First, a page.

Friday, September 29, 2006

Whence life began

Ooh! This is fun! An entire issue of Philosophical Transactions of the Royal Society dedicated to research on the origin of life. It covers everything from the prebiotic earth to the chemistry of replicators. I'm going to see how much of it I can read today and over the weekend and try to post some summaries. I'm no biochemist, so don't expect too much critical analysis, but origin of life stuff is a bit of a side hobby of mine. So hopefully I can say something meaningful. In the meantime, if you're keen enough to slog through some of this stuff, check it out!


01/10/06: Not going to get around to posting any summaries soon. There's a couple of conferences coming up, so preparing my talks and finishing a manuscript have taken priority. I'll try to get on it before I leave.
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Sunday, September 24, 2006

And now for something completely different

Since I've been really busy and this site has recently been devoid of much content of a biological character, I'm going to continue the trend. Here's an interesting homepage for an artist who examines the interface of advertising and western media and politics. I like it. I think his stuff has guts, humour, and isn't (in my opinion) overly pretentious. He's also my cousin and so I should plug his stuff. I particularly like this piece and this one.

Check out the site and enjoy!
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Anti-science vs. anti-evolution

I've grown to disapprove of the term "anti-evolution" to refer to the efforts of creationists to undermine education about evolution. I find it too vague a term, as it could also imply being against the actual process of evolution itself. Moreover, it masks the fact that the fundamental problem with creationism is not the fact that it is counter to a particular scientific theory (in this case evolution). Rather, the problem with the modern creationist movement is that it attempts to erode the honest, questioning, and disinterested process of investigation that gives us the best and most meaningful view of the world. There is no need for me to re-iterate the number of ways in which creationism is anti-scientific.

Because of this, I prefer to characterize this contemporary movement against evolution as that which it is: anti-science.

Creationists will frequently argue that it is not their facts that are different but merely their interpretation. Whereas the evolutionist assumes there is no god, the creationist assumes that there is and we just get a different result. This kind of thinking exemplifies the creationist misunderstanding of science. For they have no concept simply not assuming anything about god. For them, the fact that this independent and freely-thinking method of reasoning cannot discover gods and mysticism is a threat, because the world that it can discover did not discover one in agreement with their favourite scriptures.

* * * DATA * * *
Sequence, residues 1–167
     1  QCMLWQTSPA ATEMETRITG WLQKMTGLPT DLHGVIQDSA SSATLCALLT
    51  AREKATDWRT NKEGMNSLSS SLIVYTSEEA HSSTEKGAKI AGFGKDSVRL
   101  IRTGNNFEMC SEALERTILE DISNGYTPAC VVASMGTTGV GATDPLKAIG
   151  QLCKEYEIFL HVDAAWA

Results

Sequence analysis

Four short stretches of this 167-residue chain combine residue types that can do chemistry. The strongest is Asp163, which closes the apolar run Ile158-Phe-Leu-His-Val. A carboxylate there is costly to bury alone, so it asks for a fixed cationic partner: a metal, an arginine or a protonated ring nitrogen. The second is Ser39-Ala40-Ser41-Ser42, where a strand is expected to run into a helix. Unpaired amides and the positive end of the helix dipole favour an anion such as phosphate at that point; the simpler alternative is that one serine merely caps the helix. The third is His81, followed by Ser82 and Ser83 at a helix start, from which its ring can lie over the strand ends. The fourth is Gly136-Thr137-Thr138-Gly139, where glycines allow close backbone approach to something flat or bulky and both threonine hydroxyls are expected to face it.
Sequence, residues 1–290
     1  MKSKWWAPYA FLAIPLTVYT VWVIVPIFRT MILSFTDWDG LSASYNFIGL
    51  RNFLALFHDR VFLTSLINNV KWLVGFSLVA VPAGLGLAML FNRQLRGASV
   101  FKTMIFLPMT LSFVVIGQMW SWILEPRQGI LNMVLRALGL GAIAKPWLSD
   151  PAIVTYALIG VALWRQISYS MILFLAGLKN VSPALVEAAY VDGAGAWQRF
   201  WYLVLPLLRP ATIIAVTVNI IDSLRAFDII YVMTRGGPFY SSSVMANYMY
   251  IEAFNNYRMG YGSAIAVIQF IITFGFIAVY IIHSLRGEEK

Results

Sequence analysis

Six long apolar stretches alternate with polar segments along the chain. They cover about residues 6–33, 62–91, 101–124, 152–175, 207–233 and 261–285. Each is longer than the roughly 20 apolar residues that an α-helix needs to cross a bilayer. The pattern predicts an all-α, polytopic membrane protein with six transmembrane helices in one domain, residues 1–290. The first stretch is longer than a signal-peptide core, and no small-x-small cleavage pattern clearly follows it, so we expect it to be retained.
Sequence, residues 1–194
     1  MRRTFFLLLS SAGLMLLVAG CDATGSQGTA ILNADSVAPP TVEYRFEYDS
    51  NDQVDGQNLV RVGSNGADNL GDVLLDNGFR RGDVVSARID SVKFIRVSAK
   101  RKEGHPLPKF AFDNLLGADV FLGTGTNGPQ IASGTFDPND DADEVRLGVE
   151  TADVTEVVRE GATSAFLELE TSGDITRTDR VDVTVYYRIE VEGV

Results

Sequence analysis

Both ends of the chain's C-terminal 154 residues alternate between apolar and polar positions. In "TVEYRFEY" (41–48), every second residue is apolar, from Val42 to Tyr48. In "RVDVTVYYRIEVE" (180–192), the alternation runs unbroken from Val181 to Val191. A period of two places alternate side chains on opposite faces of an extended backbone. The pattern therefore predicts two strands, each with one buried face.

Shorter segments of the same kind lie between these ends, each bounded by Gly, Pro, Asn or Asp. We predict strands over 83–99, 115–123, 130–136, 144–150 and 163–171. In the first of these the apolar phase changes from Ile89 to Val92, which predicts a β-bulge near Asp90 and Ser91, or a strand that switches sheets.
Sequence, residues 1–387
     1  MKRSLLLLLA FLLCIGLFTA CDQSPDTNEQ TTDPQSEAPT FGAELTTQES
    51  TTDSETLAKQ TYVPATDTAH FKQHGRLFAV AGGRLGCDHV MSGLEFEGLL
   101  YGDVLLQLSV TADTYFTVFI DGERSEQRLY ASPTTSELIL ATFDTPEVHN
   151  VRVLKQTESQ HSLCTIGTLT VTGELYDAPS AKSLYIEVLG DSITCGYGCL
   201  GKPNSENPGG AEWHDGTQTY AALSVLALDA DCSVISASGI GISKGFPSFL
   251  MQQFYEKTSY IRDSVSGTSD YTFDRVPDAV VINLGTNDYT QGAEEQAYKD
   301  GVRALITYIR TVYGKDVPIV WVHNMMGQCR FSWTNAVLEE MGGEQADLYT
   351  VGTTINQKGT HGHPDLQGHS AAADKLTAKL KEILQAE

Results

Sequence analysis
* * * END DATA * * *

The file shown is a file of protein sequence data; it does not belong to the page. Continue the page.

For this reason, religious bodies have attacked science at nearly major turn in its history. Evolution is only the latest victim. But reproductive biology is already under heavy fire and it won't be long before the neurosciences and psychology are victims, too. The attack on evolution is only part of a larger pandemic of superstitious unreason. The people who attack evolutionary science fear it because it has been one of the most stark reminders that a literal reading of Genesis is incompatible with science. It is doubly unnerving for these people since it presents an altogether more convincing case, thoroughly modern in its expression, and based on the same principles of reasoning that have given us vaccines and rockets. People who oppose the teaching of evolution and who are disputing based on their egregious misunderstandings of the theory and deep-running ignorance of the facts are not simply opposed to evolution but to science in general.

However, as a minor semantic point alluded to at the beginning of this entry, the creationists aren't preventing evolution as a phenomenon (except socially). I would say they are trying to stymie that phenomenon known as science. Because of this, I think the semantic difference becomes important and the creationists are best referred to as "anti-scientists" and their activities as "anti-science". While their particular beef is with evolutionary theory, I'd say that referring to them as "anti-evolutionists" is too restrictive.

My problem is not their problem with evolution, it's with their bad methods, bad logic, bad evidence, and dishonest tactics. For that reason, I prefer not to call them anti-evolutionists but anti-scientists.
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